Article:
A Derrick Williams fan walked into the UA Bookstore this week to buy one of the new Arizona basketball jerseys, and not surprisingly, it was the one with No. 23 on it.
Then he had his photo taken with Williams, who wears 23 for the Wildcats, and posted it online.
"I thought that was pretty cool," Williams said.
The fan's name? Solomon Hill.
Apparently, Wildcats fans who fill up McKale Center and watch on television aren't the only ones enamored with Arizona's super sophomore, who has been climbing the NBA mock draft boards in the past month. He dunks, they talk about it. He rises to No. 5 on Draft Express' mock draft list, they talk about it.
He gets a new jersey, they buy it.
They do it jokingly, perhaps, but also in a manner that suggests Williams is still a much well-liked teammate, rather than a short-timer whose focus on future riches is affecting team chemistry.
In fact, Williams says he doesn't pay attention to talk about his game or his NBA prospects, though he said he hears it every day, even from his ever-needling teammates.
Kyle Fogg "says it sometimes, like, 'Oh, how's Top 5 doing today?' and stuff like that," Williams said. "But I don't focus on that. I'm just trying to get better every day in practice."
Fogg admits the teasing is most certainly true.
"I do it all the time," Fogg says, later adding with a smile, "What makes it even better is Derrick, as good as he is, he's one of the least cocky persons that you can meet. So I kind of take it upon myself to have a big head for him."
He's not cocky, UA coach Sean Miller says, because the people around him won't let him get cocky.
Unlike many ascending NBA prospects, whose friends and handlers can increase proportionally to their draft stock, Williams doesn't need a filter, Miller said.
"He really doesn't have a lot of people in his ear," Miller said. "He comes from a great family. His sister and his mom are two really important people in his life and they represent all the good things that you would want parents and sisters to be, and he has one (former) coach he thinks the world of, and they're a team behind Derrick. And that's it."
Williams must know that at least some people think he's pretty good, of course. He admits to racing home to see if his dunks made "SportsCenter" highlights, as did his stunningly elastic catch-and-slam of Kevin Parrom's wide alley-oop pass against UCLA last week.
Even in that case, though, his teammates are right there with him, not with jealously, but with almost fanlike admiration. Parrom "tells me every day, 'I don't know how you caught that,'" Williams said.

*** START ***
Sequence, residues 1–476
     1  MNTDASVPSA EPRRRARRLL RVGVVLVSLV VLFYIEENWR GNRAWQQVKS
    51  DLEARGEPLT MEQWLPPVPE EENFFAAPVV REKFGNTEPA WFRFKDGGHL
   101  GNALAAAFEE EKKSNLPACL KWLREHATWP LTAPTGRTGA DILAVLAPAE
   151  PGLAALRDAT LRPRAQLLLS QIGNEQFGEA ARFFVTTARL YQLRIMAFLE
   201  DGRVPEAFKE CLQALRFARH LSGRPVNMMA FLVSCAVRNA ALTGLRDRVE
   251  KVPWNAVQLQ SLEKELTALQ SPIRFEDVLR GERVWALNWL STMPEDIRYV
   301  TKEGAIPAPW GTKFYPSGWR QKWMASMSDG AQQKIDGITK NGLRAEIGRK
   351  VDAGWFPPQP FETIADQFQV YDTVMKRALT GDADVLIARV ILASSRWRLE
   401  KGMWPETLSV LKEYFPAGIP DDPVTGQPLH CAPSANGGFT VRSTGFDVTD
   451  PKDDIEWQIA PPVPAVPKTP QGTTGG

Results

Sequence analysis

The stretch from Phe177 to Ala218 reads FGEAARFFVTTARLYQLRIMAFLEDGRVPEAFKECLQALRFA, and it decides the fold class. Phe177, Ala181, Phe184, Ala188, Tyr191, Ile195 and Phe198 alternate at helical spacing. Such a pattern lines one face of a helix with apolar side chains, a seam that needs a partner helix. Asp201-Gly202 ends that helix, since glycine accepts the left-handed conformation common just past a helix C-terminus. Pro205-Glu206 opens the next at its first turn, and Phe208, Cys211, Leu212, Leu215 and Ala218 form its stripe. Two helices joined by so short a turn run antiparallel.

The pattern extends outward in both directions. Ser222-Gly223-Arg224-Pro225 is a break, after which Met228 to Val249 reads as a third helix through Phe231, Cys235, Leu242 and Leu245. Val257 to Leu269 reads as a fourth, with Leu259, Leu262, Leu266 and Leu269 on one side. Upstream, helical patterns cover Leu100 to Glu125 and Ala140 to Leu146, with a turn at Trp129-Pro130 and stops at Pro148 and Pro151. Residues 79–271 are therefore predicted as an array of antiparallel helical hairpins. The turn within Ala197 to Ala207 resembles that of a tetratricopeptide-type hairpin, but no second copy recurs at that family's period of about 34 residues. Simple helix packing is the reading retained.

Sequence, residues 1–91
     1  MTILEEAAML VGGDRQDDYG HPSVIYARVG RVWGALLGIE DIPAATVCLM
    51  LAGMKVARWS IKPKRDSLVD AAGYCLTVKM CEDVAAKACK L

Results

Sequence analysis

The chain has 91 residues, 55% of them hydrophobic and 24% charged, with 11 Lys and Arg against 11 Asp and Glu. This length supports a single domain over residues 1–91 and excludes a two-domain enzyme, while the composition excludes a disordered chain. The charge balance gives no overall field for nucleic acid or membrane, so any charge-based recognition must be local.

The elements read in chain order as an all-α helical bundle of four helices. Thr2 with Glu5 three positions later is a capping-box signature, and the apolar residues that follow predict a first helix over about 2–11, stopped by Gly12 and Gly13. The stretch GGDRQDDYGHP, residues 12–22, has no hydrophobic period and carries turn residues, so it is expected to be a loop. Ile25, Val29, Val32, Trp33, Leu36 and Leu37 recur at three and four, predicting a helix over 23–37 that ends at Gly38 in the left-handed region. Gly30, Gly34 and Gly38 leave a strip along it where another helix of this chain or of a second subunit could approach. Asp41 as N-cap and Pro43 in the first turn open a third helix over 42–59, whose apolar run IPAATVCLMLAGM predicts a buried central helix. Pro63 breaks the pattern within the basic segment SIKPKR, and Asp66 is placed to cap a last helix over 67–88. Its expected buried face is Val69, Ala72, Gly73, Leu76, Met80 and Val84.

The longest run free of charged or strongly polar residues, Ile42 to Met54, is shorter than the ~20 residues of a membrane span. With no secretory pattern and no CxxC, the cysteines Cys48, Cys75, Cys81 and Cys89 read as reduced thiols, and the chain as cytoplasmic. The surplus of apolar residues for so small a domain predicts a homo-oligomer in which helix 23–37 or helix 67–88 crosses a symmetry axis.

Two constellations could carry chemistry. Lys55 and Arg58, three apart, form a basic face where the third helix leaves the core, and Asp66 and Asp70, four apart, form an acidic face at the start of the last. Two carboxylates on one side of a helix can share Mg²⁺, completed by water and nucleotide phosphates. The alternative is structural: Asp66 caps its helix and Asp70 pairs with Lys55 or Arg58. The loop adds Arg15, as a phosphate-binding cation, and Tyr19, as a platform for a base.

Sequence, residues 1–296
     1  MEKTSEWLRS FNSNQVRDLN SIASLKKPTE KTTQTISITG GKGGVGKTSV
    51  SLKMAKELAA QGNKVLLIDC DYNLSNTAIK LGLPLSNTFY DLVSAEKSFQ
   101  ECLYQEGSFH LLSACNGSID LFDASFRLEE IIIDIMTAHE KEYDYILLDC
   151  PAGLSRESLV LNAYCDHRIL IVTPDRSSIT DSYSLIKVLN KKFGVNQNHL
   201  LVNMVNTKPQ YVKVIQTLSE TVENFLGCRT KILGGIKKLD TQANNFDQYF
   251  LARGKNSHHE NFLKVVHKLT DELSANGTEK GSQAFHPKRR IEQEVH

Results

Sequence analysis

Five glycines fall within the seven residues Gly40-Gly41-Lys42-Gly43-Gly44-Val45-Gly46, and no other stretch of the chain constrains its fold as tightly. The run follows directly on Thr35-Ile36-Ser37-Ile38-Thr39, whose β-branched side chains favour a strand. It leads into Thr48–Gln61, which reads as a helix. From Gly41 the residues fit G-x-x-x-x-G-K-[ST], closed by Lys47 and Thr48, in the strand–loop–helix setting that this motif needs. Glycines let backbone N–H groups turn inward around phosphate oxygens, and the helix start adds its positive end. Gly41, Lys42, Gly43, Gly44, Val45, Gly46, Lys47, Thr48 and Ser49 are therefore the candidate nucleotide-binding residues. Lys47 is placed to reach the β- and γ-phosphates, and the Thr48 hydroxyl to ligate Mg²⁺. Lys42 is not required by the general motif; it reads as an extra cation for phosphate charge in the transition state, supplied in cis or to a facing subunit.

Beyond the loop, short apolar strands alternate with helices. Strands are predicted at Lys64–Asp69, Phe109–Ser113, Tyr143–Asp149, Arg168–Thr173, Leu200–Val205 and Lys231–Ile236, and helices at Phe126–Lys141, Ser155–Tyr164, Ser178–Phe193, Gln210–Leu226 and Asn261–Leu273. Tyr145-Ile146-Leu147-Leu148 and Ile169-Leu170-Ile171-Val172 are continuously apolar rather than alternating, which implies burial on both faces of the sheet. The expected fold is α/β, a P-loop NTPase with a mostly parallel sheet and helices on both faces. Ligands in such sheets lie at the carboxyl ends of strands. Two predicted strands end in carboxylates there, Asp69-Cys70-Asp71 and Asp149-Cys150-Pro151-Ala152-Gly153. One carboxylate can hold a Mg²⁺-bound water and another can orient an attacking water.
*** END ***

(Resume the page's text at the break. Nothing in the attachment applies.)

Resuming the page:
Deep down, though, Williams says he looks at things differently. To him, he's still the lightly recruited forward out of La Mirada High School lucky to be playing for a high-major program. He's the guy who sits behind a whole bunch of other players in the race for Pac-10 Player of the Year, such as Isaiah Thomas and Matthew Bryan-Amaning of Washington, and Klay Thompson of Washington State.
Just another guy.
"Just going back to high school or even last year, I just told myself, 'Play like you're always underrated,'" Williams said. "That's what I always do, just always have something to prove to people. I'm always telling myself there's always somebody better than me on the court. I think that really helps me, to be better than that person on the court, whether (he's) guarding me or is somebody else on the court."
Of course, the major mock drafts usually aren't too far off the mark. No matter what he tries to think, Williams is a top NBA prospect. Maybe he's even a lottery pick, and his coach, for one, wouldn't be surprised if he was.
Miller, after all, is a fan of Derrick Williams, too.
"I hope so. I really do," Miller said, when asked if Williams can become a lottery pick. "I can't control that part of it. I know the best way that we can help Derrick, and how he can help himself, is by our team continuing to have success.
"As our team continues to have success, everybody points to who deserves the credit, and we all know what type of individual year he's had. And if at the end of all that, if any of our players can become a first-round pick, or lottery pick, that's great."
• Williams sat out Monday's practice because of his sprained right pinky, and Tuesday, he was scheduled for limited work only, though Miller said Williams would practice in full today. Williams wore padded tape over the finger on Saturday against USC and will continue that this weekend, Miller said.
• Guard MoMo Jones also sat out Monday because of a hip pointer and slightly sprained knee suffered Saturday, Miller said. It was "not because he couldn't go, but because we wanted him to heal up as best he could," Miller said, adding that Jones would be fine this weekend.
On StarNet: Follow the Cats on Bruce Pascoe's blog at go.azstarnet.com/pascoe
• Height, weight: 6 feet 8 inches, 240 pounds
• Class: Sophomore
• From: La Mirada, Calif.
• 2010-11 stats: 19.8 ppg 7.6 rpg, 63.8 FG%, 70.6 three-point FG%
Early draft projections:
• NBADraft.net: No. 2
• Draft Express: No. 5
• What: Arizona at Stanford
• When: 7 p.m. Thursday
• TV: FSAZ, Channel 58
• Radio: 1290-AM, 107.5-FM